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Digital archive of theses discussed at the University of Pisa


Thesis etd-05052020-173629

Thesis type
Tesi di laurea magistrale LM5
Thesis title
Synthesis of new fructose mimetic glycoconjugate-Ruthenium complexes as potential antitumor agents
Course of study
relatore Prof.ssa Di Bussolo, Valeria
relatore Dott. Di Pietro, Sebastiano
relatore Dott.ssa Iacopini, Dalila
  • carbon-carbon cross coupling
  • fructose
  • glycoconjugates
  • Ruthenium complexes
  • sugar transporters (GLUTs)
  • carbohydrate-based triphenylphosphine ligands
  • carbohydrate mimetics
Graduation session start date
Release date
In recent years, fructose dietary consumption has registered a dramatic increase and has been correlated with a parallel rise of the rate of obesity and metabolic syndromes. This led to investigate on fructose involvement in a variety of diseases, including cancer.
Carbohydrates uptake in the mammalian cell is guaranteed by two classes of hexose transporters: active sodium-coupled glucose transporters (SGLTs) and passive glucose transporter proteins (GLUTs). GLUTs belong to the larger major facilitator superfamily (MFS) and facilitate the diffusion of monosaccharides or polyols across the cell membrane down a concentration gradient. So far, 14 isoforms have been identified by genome sequencing and divided into three phylogenetically distinct groups. The members of these classes exhibit a remarkably diverse substrate specificity. In particular, fructose uptake is thought to be mainly mediated by facilitative membrane transporters GLUT2 and 5, the latter being fructose-specific.
Alteration of cellular energy metabolism and consequent overexpression of GLUT transporters, to support tumor sustained growth, represent one of the hallmarks of cancer. This specificity, known as the Warburg effect, represents a potential target for therapeutic intervention.
Indeed, recent studies correlate altered GLUT5 expression with several human diseases and strongly suggest fructose role in the genesis and growth of some types of cancer.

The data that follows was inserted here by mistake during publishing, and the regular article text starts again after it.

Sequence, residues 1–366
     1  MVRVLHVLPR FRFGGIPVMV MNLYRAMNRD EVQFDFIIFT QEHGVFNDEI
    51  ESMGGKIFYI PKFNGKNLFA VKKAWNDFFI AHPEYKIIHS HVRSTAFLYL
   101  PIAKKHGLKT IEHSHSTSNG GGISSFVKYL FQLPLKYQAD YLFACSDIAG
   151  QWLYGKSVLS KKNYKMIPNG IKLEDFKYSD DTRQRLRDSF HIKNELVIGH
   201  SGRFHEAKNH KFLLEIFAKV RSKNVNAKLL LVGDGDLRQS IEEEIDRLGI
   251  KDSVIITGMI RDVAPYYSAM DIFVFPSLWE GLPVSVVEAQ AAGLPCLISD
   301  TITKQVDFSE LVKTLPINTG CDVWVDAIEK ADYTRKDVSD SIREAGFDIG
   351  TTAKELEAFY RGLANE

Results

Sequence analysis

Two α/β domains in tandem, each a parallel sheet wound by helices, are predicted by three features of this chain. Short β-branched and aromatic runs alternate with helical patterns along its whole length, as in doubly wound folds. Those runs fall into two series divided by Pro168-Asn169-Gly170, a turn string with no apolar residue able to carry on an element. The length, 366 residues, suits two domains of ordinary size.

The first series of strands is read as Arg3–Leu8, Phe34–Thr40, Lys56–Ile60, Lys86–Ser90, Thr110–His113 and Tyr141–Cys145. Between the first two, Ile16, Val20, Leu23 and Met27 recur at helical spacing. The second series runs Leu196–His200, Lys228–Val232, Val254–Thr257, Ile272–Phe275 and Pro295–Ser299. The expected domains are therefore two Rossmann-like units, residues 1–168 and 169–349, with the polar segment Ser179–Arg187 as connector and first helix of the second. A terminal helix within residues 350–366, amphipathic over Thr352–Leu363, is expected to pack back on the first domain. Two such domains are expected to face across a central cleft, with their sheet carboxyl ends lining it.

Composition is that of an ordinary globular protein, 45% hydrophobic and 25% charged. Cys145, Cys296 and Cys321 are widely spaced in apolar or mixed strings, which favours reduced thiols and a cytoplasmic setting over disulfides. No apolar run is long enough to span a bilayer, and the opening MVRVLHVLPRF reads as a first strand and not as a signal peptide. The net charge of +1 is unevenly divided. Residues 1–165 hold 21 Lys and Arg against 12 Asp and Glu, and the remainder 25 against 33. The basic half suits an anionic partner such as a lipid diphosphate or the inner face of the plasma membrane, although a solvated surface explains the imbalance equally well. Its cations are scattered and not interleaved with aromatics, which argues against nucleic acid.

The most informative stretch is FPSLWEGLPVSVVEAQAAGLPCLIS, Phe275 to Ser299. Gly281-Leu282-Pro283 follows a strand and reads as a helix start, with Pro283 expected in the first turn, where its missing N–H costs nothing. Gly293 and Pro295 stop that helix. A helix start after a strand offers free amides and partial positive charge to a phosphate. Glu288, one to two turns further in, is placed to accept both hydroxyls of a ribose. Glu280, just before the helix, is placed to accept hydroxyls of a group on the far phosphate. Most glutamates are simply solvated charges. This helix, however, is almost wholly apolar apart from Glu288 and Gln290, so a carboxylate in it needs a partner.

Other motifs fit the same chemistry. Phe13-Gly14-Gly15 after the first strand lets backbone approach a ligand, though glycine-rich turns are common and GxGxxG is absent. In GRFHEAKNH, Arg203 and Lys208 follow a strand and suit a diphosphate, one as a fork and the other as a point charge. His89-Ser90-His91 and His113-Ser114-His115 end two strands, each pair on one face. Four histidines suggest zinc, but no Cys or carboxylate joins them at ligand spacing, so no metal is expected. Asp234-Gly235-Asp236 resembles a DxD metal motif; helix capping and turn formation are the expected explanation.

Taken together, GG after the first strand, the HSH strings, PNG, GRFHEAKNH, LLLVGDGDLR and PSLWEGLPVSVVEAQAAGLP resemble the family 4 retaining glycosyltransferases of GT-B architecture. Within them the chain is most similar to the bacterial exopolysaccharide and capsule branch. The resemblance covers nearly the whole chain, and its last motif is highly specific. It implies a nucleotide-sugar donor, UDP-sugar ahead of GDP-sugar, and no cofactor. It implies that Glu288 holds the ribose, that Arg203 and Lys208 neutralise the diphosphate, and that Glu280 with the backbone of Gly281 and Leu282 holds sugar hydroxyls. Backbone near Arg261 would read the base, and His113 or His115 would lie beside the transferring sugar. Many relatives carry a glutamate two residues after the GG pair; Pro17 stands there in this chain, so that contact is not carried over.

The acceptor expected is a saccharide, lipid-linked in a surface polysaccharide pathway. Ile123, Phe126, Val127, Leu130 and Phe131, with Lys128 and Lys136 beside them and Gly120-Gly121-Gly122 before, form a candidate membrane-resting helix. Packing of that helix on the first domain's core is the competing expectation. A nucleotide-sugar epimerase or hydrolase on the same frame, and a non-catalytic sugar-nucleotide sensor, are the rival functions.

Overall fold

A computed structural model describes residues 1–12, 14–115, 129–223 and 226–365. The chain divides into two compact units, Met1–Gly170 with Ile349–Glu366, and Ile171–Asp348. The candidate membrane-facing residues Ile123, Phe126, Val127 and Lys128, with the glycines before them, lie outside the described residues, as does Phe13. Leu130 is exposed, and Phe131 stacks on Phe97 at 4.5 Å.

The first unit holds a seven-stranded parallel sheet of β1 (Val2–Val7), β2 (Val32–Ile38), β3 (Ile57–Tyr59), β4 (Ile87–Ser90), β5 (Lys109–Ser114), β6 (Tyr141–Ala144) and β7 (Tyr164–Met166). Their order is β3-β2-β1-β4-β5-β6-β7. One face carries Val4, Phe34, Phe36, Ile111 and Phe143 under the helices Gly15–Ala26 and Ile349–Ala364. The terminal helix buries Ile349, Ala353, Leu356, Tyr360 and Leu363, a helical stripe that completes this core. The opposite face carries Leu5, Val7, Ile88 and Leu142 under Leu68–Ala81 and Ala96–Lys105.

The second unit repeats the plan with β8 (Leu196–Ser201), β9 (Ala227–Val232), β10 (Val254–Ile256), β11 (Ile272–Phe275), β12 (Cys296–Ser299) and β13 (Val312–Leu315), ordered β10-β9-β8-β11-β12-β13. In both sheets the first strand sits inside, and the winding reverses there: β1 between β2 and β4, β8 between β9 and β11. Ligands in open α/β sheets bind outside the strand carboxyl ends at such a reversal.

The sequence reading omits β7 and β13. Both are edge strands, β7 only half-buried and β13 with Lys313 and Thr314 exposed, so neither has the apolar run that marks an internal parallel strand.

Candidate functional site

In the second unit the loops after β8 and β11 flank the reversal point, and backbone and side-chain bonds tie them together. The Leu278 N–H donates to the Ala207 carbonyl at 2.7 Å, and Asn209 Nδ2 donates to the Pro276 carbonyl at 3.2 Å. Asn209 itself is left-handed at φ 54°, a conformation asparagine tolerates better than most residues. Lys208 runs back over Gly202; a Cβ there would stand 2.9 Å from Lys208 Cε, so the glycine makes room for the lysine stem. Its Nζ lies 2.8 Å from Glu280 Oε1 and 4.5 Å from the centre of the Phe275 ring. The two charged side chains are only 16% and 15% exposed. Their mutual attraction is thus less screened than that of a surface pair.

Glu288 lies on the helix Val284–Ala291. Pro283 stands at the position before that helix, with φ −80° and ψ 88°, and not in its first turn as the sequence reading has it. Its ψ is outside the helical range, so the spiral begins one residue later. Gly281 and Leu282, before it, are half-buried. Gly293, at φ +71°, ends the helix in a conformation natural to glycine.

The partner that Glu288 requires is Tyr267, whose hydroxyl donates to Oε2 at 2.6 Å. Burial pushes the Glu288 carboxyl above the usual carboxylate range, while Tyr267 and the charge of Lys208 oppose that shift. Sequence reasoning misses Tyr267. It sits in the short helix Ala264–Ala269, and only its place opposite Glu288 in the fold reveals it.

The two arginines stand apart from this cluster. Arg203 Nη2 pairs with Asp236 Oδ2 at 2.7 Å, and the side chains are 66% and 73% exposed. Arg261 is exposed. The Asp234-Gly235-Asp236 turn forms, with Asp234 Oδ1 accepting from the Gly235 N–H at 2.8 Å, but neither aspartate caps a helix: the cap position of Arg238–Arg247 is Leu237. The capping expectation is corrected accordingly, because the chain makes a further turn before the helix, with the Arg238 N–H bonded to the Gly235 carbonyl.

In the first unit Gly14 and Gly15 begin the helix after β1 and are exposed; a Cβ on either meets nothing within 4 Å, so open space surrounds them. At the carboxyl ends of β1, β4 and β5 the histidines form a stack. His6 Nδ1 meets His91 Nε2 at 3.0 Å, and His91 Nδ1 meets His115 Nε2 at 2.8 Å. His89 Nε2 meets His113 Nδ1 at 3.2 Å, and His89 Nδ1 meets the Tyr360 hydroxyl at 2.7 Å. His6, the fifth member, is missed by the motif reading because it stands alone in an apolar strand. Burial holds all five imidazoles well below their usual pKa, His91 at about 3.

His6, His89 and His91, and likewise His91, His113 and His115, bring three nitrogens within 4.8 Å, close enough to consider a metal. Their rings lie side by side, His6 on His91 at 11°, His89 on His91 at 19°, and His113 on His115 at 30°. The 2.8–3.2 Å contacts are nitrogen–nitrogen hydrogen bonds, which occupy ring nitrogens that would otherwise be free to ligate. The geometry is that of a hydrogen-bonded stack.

In this perspective, there has been an increasing interest for the synthesis of new fructose glycoconjugates or mimetics for both diagnostic and therapeutic aims. In fact, some of these compounds might actually show a higher affinity for GLUT5 binding site, thus inhibiting fructose cellular uptake.
An interesting alternative approach to inhibition of hexose transporters is to target their overexpression in tumor cells for site-specific delivery of chemotherapeutic agents. This method implies conjugation of a compound showing antitumor activity with a carbohydrate or a glycomimetic that can be recognized by the transporter protein, allowing the glycoconjugate to be internalized as a whole. In this way, the pharmaceutically active core exerts its activity directly inside the cancer cell, exploiting a “Trojan Horse” mechanism.
Recently, in our laboratory new glycoconjugate-Ruthenium complexes have been synthesized, with the idea of combining Ruthenium antitumor activity with glycoconjugates selectivity towards cancer cells. In vitro anticancer activity of these complexes has been evaluated on several tumor cell lines, showing that some of these molecules possess a good cellular uptake and an interesting cytotoxicity on ovarian endometrioid adenocarcinoma cells. Importantly, they did not show activity on healthy cells.
Focusing on fructose mimetics, the main purpose of this thesis project was to design and realize the synthesis of new fructose based-triphenylphosphine ligands, in both furanosic and pyranosic forms, that could be subsequently used to obtain Ruthenium complexes. These glycoconjugated compounds have a triphenylphosphine functionality, which is essential for metal coordination, that is connected to the fructose analogues through an amide bond. Protection of phosphine with borane is necessary to prevent its oxidation, that leads to useless products.
In addition, a typical glycosyl donor such as the trichloroacetimidate (TCA) was investigated for the synthesis of new triphenylphosphine ligands with the glucose moiety connected to the phosphine unit, that coordinates the Ruthenium, by an alkynyl linker.